WIKI.Ashwatthama




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  • Short Title WIKI.Ashwatthama 
    Author Wiki 
    Publisher Wikipedia 
    Call Number http://en.wikipedia.org/wiki/Ashwatthama 
    Repository WIKI.EN 
    Source ID S34 
    Linked to Ashwatthama 

  • Ashwatthama
    Mahabharata character
    Ashvatthama
    Ashvatthama uses Narayanastra
    In-universe information
    WeaponBow and Arrow, Sword
    FamilyDronacharya (father)
    Kripi (mother)
    RelativesKripacharya (maternal uncle)
    Bharadwaja (grandfather)

    In the Hindu epic the Mahabharata, Ashwathama (Sanskrit: अश्वत्थामा, romanizedAśvatthāmā) or Drauni is the son of guru Drona and the grandson of the sage Bharadwaja. Ashvatthama is a Maharathi[1] who fought on the Kaurava side against the Pandavas in the Kurukshetra War. He became a Chiranjivi (immortal) due to a curse given to him by Krishna.[2]

    The deceptive plot of his rumoured death led to the beheading of his grieving father Drona, who was incapacitated while meditating for his son's soul. Ashwatthama was appointed as the final commander-in-chief of the Kauravas in the Kurukshetra War. Overcome with grief and rage, he slaughters most of the Pandava camp in a single night offensive. Ashwatthama ruled the Northern Panchala being subordinate to the rulers of Hastinapura. He was one of the warriors of the Mahabharat war who crossed all limits of conduct and even misused divine Astras.

    Etymology

    According to The Mahabharata, Ashwatthama means "the sacred voice which relates to that of a horse".[3] It is so-called because when he was born he cried like a horse.[4]

    Birth and Life Prior to the War

    Ashwatthama is the son of Dronacharya and Kripi. Drona does many years of severe penance to please Lord Shiva in order to obtain a son who possesses the same valiance as Lord Shiva. He is a Chiranjivi. Ashwatthama is born with a gem on his forehead which gives him power over all living beings lower than humans; it protects him from hunger, thirst, and fatigue. Though an expert in warfare, Dronacharya lives the simple life, with little money or property. As a result, Ashwatthama has a difficult childhood, with his family unable to even afford milk. Wanting to provide a better life for his family, Drona goes to the Panchal Kingdom to seek aid from his former classmate and friend, Drupada. However, Drupada rebukes the friendship, claiming a king and a beggar cannot be friends, humiliating Drona.

    After this incident, and seeing the plight of Drona, Kripacharya invites Drona to Hastinapur. There, he comes upon the attention of his co-disciple Bhishma. Thus, Dronacharya becomes the guru of both Pandavas and Kauravas in Hastinapur. Ashwatthama is trained in the art of warfare along with them.[5]

    Role in the Kurukshetra war

    Since Hastinapura, ruled by King Dhritarashtra, offered Dronacharya the privilege of teaching the Kuru princes, both Dronacharya and Ashwatthama are loyal to Hastinapur and fight for the Kauravas in the Kurukshetra war. Before Dronacharya's death, Ashwatthama visits his father, desiring a blessing of victory that he is denied. Drona advises Ashwatthama to win the war using his own strength and not through a blessing.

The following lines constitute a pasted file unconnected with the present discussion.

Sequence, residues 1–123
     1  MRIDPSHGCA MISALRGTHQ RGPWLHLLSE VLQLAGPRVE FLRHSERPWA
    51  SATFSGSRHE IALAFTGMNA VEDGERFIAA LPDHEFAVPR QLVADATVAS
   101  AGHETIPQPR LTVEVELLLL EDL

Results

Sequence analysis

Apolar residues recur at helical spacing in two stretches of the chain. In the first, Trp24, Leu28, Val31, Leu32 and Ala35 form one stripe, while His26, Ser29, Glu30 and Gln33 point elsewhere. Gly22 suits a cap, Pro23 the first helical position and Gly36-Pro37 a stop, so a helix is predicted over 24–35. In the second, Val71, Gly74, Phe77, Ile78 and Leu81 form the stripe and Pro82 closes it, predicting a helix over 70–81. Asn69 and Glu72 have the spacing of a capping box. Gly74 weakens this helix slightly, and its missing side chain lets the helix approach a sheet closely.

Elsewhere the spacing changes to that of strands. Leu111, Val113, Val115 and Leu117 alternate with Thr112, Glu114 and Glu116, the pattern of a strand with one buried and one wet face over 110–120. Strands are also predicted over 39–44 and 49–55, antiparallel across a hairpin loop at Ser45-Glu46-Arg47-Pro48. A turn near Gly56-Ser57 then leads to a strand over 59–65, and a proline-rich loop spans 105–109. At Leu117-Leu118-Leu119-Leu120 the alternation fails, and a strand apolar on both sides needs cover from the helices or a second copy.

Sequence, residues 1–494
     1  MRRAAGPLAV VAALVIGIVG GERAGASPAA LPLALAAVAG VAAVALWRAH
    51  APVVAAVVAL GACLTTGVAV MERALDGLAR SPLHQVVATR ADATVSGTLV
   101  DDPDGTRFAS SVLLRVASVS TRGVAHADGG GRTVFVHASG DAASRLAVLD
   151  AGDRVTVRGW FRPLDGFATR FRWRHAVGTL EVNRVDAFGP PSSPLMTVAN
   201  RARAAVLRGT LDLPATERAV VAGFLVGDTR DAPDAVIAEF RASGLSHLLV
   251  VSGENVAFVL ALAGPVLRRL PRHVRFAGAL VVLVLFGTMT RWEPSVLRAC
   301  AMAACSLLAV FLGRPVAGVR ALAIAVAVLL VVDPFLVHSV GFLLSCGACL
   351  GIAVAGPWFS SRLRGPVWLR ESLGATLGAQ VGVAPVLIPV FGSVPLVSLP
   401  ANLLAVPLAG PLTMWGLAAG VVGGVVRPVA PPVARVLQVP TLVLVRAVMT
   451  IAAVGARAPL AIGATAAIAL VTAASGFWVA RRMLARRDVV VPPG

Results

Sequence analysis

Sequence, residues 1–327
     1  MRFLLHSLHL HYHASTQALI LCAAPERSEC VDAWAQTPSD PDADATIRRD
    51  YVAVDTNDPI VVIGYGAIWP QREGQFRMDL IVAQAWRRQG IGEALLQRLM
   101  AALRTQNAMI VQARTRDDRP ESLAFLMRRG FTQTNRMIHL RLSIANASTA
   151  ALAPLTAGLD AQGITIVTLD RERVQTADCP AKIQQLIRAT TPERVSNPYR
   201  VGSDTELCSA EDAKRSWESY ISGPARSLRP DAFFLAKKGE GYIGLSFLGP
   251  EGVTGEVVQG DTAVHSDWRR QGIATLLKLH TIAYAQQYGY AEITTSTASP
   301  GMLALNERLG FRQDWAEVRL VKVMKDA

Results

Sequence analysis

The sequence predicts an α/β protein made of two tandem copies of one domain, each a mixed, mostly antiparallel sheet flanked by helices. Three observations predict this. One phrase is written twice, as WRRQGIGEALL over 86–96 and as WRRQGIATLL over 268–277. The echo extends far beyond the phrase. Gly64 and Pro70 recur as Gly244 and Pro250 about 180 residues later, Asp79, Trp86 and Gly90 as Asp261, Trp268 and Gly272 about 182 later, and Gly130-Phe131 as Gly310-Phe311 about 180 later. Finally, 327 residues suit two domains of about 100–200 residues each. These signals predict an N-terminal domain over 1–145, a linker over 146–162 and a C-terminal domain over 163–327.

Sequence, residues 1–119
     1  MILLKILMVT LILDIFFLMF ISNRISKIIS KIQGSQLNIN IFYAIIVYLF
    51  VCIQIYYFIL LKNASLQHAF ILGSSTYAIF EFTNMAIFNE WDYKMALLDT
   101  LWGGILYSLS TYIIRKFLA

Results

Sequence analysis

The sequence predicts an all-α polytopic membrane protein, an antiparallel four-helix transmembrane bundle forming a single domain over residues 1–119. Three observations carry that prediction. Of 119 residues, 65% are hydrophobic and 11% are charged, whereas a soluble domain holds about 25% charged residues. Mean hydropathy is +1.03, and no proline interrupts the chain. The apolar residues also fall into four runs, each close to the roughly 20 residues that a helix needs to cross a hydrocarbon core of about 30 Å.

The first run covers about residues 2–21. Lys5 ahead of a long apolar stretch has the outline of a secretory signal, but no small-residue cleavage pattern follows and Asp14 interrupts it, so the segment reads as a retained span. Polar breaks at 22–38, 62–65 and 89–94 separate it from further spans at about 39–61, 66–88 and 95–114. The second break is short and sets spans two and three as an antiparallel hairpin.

On the 14th day of the war, he kills a division of Rakshasas and Anjanaparvan (son of Ghatotkacha). He also stands against Arjuna several times, trying to prevent him from reaching Jayadratha, but is eventually defeated by Arjuna.

    Death of Drona

    Bhima kills an elephant named Asvatthama, folio from Razmnama

    On the 10th day of the war, after Bhishma falls, Drona is named the supreme commander of the armies. He promises Duryodhana that he will capture Yudhishthira, but then he repeatedly fails to do so. Duryodhana taunts and insults him, which greatly angers Ashwatthama, causing friction between Ashwatthama and Duryodhana. Krishna knows that it was not possible to defeat an armed Drona. So, Krishna suggests to Yudhishthira and the other Pandavas, if Drona were convinced that his son was killed on the battlefield, then his grief would leave him vulnerable to attack.

    Krishna hatches a plan for Bhima to kill an elephant by the name Ashwatthama while claiming to Drona it was Drona's son who was dead. Ultimately, the gambit works (though the details of it vary depending on the version of the Mahabharata), and Dhristadyumna beheads the grieving sage.

    Narayanastra usage

    After learning of the deceptive way his father was killed, Ashwatthama becomes filled with wrath and invokes the celestial weapon called the Narayanastra, against the Pandavas.

    When the weapon is invoked, violent winds begin to blow, peals of thunder are heard, and an arrow appears for every Pandava soldier. This puts fear into the Pandava army, but on Krishna instructions all the troops abandoned their chariots and also lay down all its weapons and surrender it to the weapon. As Lord Krishna himself is the incarnation of Narayana, he knows about the weapon, as the weapon only targets an armed person while ignores unarmed ones. After getting their soldiers to disarm (including Bhima with some difficulty), the Astra passes by harmlessly. When urged by Duryodhana to use the weapon again, desirous of victory, Aswatthama sadly responds that if the weapon is used again, it will turn on its user.

    According to the Chaturdhar compilation, the Narayanastra destroys one Akshauhini of the Pandava army completely. After the use of Narayanastra, a terrible war between both armies takes place. Ashwatthama defeats Dhrishtadyumna in direct combat, but failed to kill him as Satyaki and Bhima cover his retreat.[6]

    As the battle continues, Ashwatthama manages to kill King Nila of Mahismati.

    Becoming commander